Aarhus Universitets segl

Frederik Vejlin

Staging Difference: Scripts, Experiments, and Artificial Sociality in Japanese Robotics Laboratories

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Staging Difference: Scripts, Experiments, and Artificial Sociality in Japanese Robotics Laboratories. / Vejlin, Frederik.

2022. Abstract fra DASTS 2022, Aarhus, Danmark.

Publikation: KonferencebidragKonferenceabstrakt til konferenceForskning

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Vejlin, Frederik Staging Difference: Scripts, Experiments, and Artificial Sociality in Japanese Robotics Laboratories. DASTS 2022, 02 jun. 2022, Aarhus, Danmark, Konferenceabstrakt til konference, 2022.

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Bibtex

@conference{95ddd2dbd47a4fef841688d0058f2bac,
title = "Staging Difference: Scripts, Experiments, and Artificial Sociality in Japanese Robotics Laboratories",
abstract = "In this paper, I build on fieldwork in Japanese robotics laboratories and discussions of sociality and experimentation in anthropology and STS to investigate the making of socially interactive robots and their use as experimental systems. I consider two issues that figure in discussions among roboticists and critics of the field alike. Firstly, I question the replication of human sociality as the benchmark for success in social robotics (cf. Breazeal 2002). Instead, I suggest understanding social robots as experimental systems for enacting alternative forms of sociality, while also potentially reconfiguring what human sociality is and can be. I propose the concept of artificial sociality to describe such processes of experimental reconfiguration. Secondly, I explore the processes of scripting involved in both the design of robotic systems and HRI experiments, which is often considered an obstacle to {\textquoteleft}genuine{\textquoteright} sociality. Here, I compare the performance of scripts in four different settings – a seminar, an interview, an article, and a documentary – all involving presentations on and discussions of what I call the Curious Robot Experiment (see Doering et al. 2019). In doing so, I lean on Steven Brown{\textquoteright}s (2012) reflections on the resemblance between psychological experiments and stage theatre to show how processes of scripting, rather than necessarily producing controlled and pre-determined illusions of interaction, might enable the enactment of alternative figurations of sociality difficult to achieve by other means. In closing, I discuss how this reconfigures – rather than repairs, maintains, or (re)constructs – human forms of sociality. ",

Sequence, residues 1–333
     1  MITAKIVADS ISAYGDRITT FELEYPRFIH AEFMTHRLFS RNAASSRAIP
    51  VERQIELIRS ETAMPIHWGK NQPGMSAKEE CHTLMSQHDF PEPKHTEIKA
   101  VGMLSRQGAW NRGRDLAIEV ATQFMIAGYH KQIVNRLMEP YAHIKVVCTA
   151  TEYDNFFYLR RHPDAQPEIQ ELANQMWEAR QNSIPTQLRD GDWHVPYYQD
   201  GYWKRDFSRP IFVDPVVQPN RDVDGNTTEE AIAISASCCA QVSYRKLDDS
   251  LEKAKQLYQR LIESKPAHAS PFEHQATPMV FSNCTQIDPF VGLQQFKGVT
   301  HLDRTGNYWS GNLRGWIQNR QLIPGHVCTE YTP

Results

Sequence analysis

author = "Frederik Vejlin",
year = "2022",
language = "English",
note = "DASTS 2022 : Living with Ruptures: Repair, Maintenance, and (Re)Construction ; Conference date: 02-06-2022 Through 03-06-2022",
url = "https://events.au.dk/dasts2022",

}

RIS

TY - ABST

T1 - Staging Difference: Scripts, Experiments, and Artificial Sociality in Japanese Robotics Laboratories

AU - Vejlin, Frederik

PY - 2022

Y1 - 2022